And who can blame her? No politician wants to chat with the public about the issues. Does anyone think that Hillary wants to get a total, ignorant stranger's view on health care policy, when she has spent years perfecting a comprehensive governmental structure to deliver health care according to strict Swedish principles of governance?
One can picture her having to listen to some simple-minded suggestion about health care while thinking to herself (once again with that painful to look at smile she forces on to her cold lips) "unless this clown can deliver a seven-figure campaign contribution, why is he wasting his breath?"
I am harping on this preposterous chatting gambit because it is part of an emerging pattern. In her first campaign for senator in 2000, she launched it with a "listening tour" of her newly adopted state. There was something, both unctuous and condescending and also evasive about it. It was a calculated strategy of false intimacy.
Now, in this second stage of her plan to rule the world she has escalated from listening to chatting. And in her first "chat" with her public she presented herself in a tableau surrounded with a rainbow of other people's children in an attempt -- I suppose -- to relate to all those housefrauen of whom she was, of late -- so contemptuous.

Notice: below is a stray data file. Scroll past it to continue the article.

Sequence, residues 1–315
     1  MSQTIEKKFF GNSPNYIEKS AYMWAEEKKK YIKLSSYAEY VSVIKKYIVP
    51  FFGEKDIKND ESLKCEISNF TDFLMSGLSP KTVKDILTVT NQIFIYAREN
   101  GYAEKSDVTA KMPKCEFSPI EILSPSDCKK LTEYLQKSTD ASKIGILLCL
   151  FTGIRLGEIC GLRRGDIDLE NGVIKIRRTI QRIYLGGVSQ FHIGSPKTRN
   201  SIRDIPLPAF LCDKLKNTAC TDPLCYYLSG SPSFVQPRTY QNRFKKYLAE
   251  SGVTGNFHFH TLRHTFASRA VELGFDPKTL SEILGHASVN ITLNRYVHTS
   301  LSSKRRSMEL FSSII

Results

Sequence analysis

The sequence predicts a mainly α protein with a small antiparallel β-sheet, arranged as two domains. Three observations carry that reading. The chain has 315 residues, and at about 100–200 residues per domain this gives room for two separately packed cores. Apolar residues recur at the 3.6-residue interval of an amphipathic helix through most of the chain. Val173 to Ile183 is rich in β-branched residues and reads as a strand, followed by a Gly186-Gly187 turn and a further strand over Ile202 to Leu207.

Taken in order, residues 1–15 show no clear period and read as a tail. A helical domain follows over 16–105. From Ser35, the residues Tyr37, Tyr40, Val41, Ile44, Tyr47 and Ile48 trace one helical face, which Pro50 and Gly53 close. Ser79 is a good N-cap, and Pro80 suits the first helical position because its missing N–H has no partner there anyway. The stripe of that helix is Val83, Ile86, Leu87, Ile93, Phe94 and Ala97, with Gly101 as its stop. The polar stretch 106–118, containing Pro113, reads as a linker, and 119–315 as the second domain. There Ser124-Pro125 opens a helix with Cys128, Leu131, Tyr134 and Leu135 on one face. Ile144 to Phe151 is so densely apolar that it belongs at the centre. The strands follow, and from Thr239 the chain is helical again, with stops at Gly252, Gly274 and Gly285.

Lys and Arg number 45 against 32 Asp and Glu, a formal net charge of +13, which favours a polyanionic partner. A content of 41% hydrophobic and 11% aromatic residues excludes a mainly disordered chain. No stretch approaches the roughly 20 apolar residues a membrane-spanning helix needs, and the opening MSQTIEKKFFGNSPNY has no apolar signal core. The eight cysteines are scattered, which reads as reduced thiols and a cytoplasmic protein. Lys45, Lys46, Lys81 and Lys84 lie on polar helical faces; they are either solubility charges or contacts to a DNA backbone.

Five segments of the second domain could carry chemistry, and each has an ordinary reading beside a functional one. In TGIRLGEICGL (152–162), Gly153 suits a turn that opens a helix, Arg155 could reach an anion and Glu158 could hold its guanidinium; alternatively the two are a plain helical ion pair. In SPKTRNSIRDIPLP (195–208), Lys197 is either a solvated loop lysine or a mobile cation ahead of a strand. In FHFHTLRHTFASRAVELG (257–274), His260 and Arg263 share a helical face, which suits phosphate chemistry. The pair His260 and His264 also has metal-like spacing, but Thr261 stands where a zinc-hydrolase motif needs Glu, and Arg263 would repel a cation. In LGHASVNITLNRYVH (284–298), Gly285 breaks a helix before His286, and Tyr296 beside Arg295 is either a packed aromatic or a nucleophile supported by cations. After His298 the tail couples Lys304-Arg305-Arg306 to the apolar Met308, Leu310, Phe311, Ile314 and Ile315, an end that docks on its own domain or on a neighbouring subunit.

She, who famously was not going to hang around the house and bake cookies, now can't get enough of such false images. Not to be seen was her actual daughter, now working for a hedge fund (if ever a child has found a profession in keeping with the family instinct, a hedge fund for the Clintons is it).
What makes all this vacuous and phony imagery so curious is that Hillary is a serious and powerfully directed person. She has strong, informed and considered policies on many of the great issues of our day. While a conservative will not usually agree with them, I have respect for her seriousness of purpose.
But the compulsion to false self-presentation is a disqualifying character trait for the presidency. And unlike her husband, she lacks the lightness and dexterity to hide that fatal flaw.
Blankley, who had been suffering from stomach cancer, died Saturday night at Sibley Memorial Hospital in Washington, his wife, Lynda Davis, said Sunday.
In his long career as a political operative and pundit, his most visible role was as a spokesman for and adviser to Gingrich from 1990 to 1997. Gingrich became House Speaker when Republicans took control of the U.S. House of Representatives following the 1994 midterm elections.